Michelle Fessler, Transatlantic

Every summer, it just happened and I never had to question it. Like the Tooth Fairy or Santa Claus, I knew that every summer Mom would be packing three bags. We shared the biggest of the bags, always stuffed to the brim with clothes. I proudly toted my own bag on my back, but eventually Mom took away the burden. My stuffed dalmatian, crayons, Juicy Fruit, Gameboy, and batteries were too heavy. Mom’s bag was the smallest; inside she kept our passports, two one-way tickets, and her cigarettes.


Five-thousand miles later, we’d turn onto an old stone road. My Nonna waved at us from down the street, standing outside her brick house.


The summers smelled like tomato, basil, oregano. The days were warm and lazy. My English was nearly useless and that was OK. All that mattered was my mom, and Mario, Valentino, and Concetta, Nunzia, and Rosaria, Josefine, and my Nonna, saying, “Eat, eat, eat!”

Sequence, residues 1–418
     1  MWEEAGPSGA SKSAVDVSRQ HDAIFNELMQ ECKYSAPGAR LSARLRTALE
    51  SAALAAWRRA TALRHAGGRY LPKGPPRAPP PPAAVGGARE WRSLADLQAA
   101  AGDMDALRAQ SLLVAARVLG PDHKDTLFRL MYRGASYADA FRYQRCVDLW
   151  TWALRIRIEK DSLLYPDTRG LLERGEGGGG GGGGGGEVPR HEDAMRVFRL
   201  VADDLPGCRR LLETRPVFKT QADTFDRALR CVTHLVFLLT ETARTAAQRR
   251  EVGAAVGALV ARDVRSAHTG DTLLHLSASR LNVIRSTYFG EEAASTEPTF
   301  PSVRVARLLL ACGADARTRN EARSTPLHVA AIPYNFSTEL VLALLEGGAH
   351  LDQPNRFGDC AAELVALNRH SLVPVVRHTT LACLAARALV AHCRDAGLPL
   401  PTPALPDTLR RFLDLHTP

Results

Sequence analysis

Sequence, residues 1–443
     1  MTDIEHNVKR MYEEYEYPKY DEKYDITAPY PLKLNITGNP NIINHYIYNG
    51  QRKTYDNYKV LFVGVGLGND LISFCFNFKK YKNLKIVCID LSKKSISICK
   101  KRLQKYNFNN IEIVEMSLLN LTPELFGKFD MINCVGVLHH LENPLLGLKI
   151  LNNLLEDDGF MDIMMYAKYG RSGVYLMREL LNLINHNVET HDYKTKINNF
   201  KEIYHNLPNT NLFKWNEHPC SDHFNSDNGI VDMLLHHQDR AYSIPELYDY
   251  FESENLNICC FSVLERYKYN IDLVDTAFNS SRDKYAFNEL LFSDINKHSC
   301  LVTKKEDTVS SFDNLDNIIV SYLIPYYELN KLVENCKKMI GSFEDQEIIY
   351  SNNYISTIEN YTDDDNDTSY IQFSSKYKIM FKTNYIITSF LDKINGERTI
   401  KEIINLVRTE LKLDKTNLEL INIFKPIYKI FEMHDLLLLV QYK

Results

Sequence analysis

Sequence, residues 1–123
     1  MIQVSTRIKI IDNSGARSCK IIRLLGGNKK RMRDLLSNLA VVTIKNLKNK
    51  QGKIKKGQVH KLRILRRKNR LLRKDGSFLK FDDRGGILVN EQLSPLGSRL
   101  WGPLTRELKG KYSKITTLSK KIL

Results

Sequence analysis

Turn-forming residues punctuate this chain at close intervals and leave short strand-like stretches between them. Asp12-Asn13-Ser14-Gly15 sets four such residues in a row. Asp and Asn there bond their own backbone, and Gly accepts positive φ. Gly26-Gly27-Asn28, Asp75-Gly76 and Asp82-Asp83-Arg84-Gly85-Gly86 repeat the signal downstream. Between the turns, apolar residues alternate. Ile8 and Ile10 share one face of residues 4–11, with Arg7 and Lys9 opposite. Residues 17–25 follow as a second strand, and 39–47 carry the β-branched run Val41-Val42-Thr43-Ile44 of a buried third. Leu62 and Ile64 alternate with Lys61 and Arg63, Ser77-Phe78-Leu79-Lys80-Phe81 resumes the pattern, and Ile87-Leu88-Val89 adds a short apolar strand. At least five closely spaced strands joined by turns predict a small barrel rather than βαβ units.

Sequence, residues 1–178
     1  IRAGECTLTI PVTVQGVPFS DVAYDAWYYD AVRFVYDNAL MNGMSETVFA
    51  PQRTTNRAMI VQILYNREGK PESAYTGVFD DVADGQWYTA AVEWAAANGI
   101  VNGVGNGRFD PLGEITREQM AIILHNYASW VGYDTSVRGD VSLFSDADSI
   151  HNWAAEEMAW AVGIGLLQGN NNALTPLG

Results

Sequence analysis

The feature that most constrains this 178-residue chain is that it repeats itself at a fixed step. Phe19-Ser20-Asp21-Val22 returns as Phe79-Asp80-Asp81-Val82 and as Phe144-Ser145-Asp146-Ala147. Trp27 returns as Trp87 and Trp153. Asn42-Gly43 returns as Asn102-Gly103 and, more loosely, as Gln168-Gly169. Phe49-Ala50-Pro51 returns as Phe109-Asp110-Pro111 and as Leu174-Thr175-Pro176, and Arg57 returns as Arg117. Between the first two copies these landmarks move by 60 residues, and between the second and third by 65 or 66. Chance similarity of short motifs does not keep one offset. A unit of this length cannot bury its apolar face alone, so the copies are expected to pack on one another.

These summers continued until my passport expired.


One morning, way too early, a phone call woke us up. We renewed my passport.


Date of issue / Date de déivrance / Fecha de expedición

29 Apr 2009


I packed the bags. One for me, and one for my mom, filled with black clothes and a grayed dalmatian. Somehow, Mom booked the tickets.


Several flights and train rides with no sleep, we’d turn onto an old stone road. No one waited outside the old brick house.


We dropped off our bags, and someone took us to the morgue. After two weeks dragged on, we left.


We left the Old World, and now my passport has expired.


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